Richard O'Neal, but it does appear that
Richard Neal was a lieutenant oolonel
of said regiment that he was
mustered in August 31, 1861, and
resigned June 80, 1862. If this is
the offioar whose widow is nbmed in the
bill the proposition is to pension the
widow of a soldier who,after ten months'
servioe, resigned, and who, Beven months
after his resignation, died of a disease
whioh was in no manner related to his
military service, there is besides euch
a discrepancy between the name given
in the bill and the name of the offloer
who served lieatenant-ooloneL of.the
regiment mentioned that if the merits
were with the widow the bill would
need further congressional legislation.
In his message returning the aot
granting a pension to John Read, sr.,
the president says: "The reoords show
that the benefloiary named in this bill
filed an application for a pension in 1877,
alleging that he was the father Of John
Reed, who died in the servioe, and that
his wife, the mother of the deoeased
soldier, died May 10, £a!2, and that he
(the father) was mainly dependent upon
his son for support. He filed evidence
of the mother's death and one witness
alleged that he was present at her death
and attended her funeral. In 1864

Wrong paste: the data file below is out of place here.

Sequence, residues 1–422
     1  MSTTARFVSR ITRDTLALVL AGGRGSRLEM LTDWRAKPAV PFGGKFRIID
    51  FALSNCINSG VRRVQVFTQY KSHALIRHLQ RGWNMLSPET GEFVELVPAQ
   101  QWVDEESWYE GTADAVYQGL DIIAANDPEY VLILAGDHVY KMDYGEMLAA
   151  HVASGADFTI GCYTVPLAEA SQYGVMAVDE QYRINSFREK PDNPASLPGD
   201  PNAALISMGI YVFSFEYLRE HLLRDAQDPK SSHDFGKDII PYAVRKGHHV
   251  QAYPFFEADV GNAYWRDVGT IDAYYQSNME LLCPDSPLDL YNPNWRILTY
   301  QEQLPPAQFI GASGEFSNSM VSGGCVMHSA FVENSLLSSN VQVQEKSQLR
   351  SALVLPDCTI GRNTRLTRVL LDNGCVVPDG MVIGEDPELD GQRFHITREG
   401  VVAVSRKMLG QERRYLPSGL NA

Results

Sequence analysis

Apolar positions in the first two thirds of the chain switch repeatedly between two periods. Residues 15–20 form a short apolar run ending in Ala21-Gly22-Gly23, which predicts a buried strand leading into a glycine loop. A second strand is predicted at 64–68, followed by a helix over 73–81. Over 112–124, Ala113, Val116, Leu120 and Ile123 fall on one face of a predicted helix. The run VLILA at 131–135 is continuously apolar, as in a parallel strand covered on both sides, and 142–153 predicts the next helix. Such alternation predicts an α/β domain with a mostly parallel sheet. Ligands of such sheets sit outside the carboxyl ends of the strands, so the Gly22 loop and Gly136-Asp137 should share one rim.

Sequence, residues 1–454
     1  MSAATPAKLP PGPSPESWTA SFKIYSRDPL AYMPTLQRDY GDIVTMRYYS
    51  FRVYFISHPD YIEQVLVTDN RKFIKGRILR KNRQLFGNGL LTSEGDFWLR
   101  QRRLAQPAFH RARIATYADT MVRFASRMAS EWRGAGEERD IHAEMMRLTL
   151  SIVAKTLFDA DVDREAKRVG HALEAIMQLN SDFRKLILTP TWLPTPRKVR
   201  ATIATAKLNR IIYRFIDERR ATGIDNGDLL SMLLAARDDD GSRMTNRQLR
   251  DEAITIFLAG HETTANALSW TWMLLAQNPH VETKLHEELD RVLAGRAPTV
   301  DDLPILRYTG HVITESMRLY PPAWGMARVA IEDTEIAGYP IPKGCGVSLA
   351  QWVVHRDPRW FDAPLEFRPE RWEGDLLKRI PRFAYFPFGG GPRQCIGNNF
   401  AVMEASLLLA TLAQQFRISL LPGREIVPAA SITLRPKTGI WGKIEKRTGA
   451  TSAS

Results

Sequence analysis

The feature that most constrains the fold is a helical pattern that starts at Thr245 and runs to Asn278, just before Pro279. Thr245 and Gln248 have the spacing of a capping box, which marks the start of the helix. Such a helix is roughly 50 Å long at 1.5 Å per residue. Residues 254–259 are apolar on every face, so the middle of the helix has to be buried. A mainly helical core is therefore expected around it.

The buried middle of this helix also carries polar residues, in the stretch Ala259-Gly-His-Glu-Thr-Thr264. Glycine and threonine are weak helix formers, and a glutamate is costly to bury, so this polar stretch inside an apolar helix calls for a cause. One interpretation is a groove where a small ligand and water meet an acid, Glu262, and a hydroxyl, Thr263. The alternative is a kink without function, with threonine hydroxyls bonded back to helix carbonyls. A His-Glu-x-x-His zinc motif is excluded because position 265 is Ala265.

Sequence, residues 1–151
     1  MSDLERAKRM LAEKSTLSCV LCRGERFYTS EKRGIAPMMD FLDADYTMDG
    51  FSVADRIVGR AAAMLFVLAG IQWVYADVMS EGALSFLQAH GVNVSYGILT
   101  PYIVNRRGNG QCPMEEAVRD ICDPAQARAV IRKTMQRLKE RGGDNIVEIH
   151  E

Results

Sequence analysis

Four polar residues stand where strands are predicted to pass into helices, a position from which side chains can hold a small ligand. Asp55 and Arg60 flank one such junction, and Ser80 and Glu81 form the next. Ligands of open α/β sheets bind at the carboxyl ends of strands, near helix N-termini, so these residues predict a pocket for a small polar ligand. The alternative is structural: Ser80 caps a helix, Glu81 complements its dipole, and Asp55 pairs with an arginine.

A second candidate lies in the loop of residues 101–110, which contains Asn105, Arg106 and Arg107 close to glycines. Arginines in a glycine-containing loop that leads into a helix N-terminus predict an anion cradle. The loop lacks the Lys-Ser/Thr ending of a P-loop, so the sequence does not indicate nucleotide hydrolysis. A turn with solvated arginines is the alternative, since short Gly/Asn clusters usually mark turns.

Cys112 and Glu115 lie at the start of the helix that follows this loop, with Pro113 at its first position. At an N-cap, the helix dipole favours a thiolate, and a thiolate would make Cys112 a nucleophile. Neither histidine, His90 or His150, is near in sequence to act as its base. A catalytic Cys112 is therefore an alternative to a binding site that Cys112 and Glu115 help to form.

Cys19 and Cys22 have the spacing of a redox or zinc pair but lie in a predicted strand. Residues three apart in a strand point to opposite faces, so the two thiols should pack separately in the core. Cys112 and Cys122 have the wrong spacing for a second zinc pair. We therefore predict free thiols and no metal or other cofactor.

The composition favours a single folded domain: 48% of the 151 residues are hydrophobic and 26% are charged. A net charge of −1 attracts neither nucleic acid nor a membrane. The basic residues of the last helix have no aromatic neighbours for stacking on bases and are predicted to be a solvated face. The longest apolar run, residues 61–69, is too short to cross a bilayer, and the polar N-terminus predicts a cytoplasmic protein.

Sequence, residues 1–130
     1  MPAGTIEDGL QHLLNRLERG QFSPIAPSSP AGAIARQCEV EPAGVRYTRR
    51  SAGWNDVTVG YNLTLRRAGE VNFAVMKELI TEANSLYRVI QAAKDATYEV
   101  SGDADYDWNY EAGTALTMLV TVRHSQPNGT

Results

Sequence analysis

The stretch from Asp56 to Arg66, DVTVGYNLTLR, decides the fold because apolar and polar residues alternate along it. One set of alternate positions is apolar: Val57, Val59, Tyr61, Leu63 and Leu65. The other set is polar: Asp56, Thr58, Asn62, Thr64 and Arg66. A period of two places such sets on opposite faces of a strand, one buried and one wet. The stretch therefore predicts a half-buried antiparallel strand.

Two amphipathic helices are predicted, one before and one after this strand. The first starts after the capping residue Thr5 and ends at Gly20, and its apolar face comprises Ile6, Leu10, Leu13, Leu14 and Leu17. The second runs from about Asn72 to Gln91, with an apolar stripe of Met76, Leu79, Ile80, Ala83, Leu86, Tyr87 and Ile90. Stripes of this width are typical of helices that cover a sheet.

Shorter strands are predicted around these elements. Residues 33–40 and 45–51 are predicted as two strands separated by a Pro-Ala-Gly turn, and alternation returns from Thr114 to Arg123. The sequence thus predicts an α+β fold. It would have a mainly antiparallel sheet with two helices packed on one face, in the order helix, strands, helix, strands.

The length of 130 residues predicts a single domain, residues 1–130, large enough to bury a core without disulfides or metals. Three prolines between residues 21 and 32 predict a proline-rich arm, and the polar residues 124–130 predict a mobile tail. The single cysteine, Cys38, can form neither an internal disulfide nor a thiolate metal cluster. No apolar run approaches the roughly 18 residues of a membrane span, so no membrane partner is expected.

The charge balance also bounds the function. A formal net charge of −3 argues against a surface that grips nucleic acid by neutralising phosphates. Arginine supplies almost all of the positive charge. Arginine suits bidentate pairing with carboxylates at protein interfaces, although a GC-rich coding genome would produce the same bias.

Martha Reed, motherofthe soldier, filed
her application for a pension in which
she at first claimed to be the widow of
John Beed. She afterward, however,
alleged that her husband, John Beed,
abandoned his family in 1859 and had
not thereafter contributed to their sup
port, and that tbe soldier was her main
support after such abandonment. She
was allowed a pension BS a dependent
mother, which commenced in 1862, the
date of her son's death, and seems to
have terminated July 22,1834, when she
died. The olaim of the father was
rejected in 1883 for the reason that the
mother, who had a prior right was
still living, and when his olaim
was again presented in 1886 he was
informed that his abandonment of his
•family in 1859 preoluded the idea that
he was entitled to a pension as being
dependent upon the soldier for (support.
Of course these deoisions were correct
in law, in equity and in morals. This
demonstrates the means employed in
the attempt to oheat the government in
applications for pensions—too often
successful. The deposition of 1887 of
the man who how poses as the aged' and
dependent father of the dead soldier
that tbe mother died in 1872, when at